Spreadsheet types or spreadsheet uses

How would you classify the sorts of spreadsheets you see most often?

From a usage pov I can think of:

  1. transport s/s used for emailing info
  2. data stores
  3. one time use scratch pads
  4. enterprise data correctors/reformatters/ETL
  5. reporting/presentation
  6. numerical analysis
  7. aggregation/consolidation

Anyone got a link to research in this area?

The question I am seeking to answer is ‘if you couldn’t have spreadsheets what would you convert this type of spreadsheet to’.

Its a bit arbitary, I’m not claiming any particular classification is better or worse than another, or that any particular s/s would fit in one and only one category.

Do you think a classification based on life-time, or size/complexity (assuming you can measure it in a valid way), or number of users has much value?

I guess one way would be to look at alternative techs and say this should be a relational database, that should be in OLAP, that should be a web page, this should be in code, and those should stay in spreadsheets. And some could be split across multiple techs.

Any thoughts?



7 Responses to “Spreadsheet types or spreadsheet uses”

  1. Harlan Grove Says:

    How would you define these categories? I can’t see your 1st catagory being anything other than a subclass of either your 3rd or 5th category.

    So, does numerical analysis cover any spreadsheet that uses formulas that call functions other than just COUNT, COUNTA, AVERAGE, MAX, MIN, IF, IS*, *LOOKUP, INDEX, MATCH, NOW, TODAY and maybe OFFSET? If so, you need another category for (purely) textual list processing, which would seem to be one of the most frequently performed tasks in Excel given the volume of newsgroup postings on the subject. Or would that fall into your categories 2, 4 or 7?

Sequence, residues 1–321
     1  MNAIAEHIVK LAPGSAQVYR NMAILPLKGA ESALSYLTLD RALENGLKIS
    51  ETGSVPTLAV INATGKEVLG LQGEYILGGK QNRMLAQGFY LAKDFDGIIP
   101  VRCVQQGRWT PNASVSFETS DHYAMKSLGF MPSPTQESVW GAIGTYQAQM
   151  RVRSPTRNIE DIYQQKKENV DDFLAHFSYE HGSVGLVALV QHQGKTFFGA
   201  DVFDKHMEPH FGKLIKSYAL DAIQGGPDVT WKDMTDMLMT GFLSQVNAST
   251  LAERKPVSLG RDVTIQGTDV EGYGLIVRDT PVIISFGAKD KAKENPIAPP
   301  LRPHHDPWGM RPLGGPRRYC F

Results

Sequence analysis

Anyway, this is a purely academic question. For processes assigned to people in non-IT/IS departments, usually the ONLY automatable software packages available to those people are Excel (but not Access – in my business experience, maybe 1 in 10 business users has Access) or the Notepad/Paint/Word/VBS/IE stack. Nearly all those people will [mis]use Excel since it’s the only reasonable alternative. Unless they were given other, perhaps more appropriate software ALONG WITH the necessary training to use that software, they’re going to continue using Excel no matter what the more appropriate alternatives may be.

    Spreadsheets/Excel are overused because spreadsheets/Excel is all too often the ONLY tool in a user’s toolbox. When the only tool you have is Excel, all problems or processes look like spreadsheets.

  2. Charlie Hall Says:

    I think you have missed a category – at least for the work that I do – it might be considered numerical analysis, but that seems too theoretical.

    Many of my clients use spreadsheets to manage a specific process in their business, and many of those use it for pricing/quoting. Pricing/quoting/estimating can be a complex analysis and one where mistakes are not tolerated well (under or over-pricing is particularly troublesome for the obvious reasons). Usually the spreadsheets have macros to automate some of the manual work, and to make it easier for an average spreadhsheet user to successfully complete. Is that what you had in mind for numerical analysis?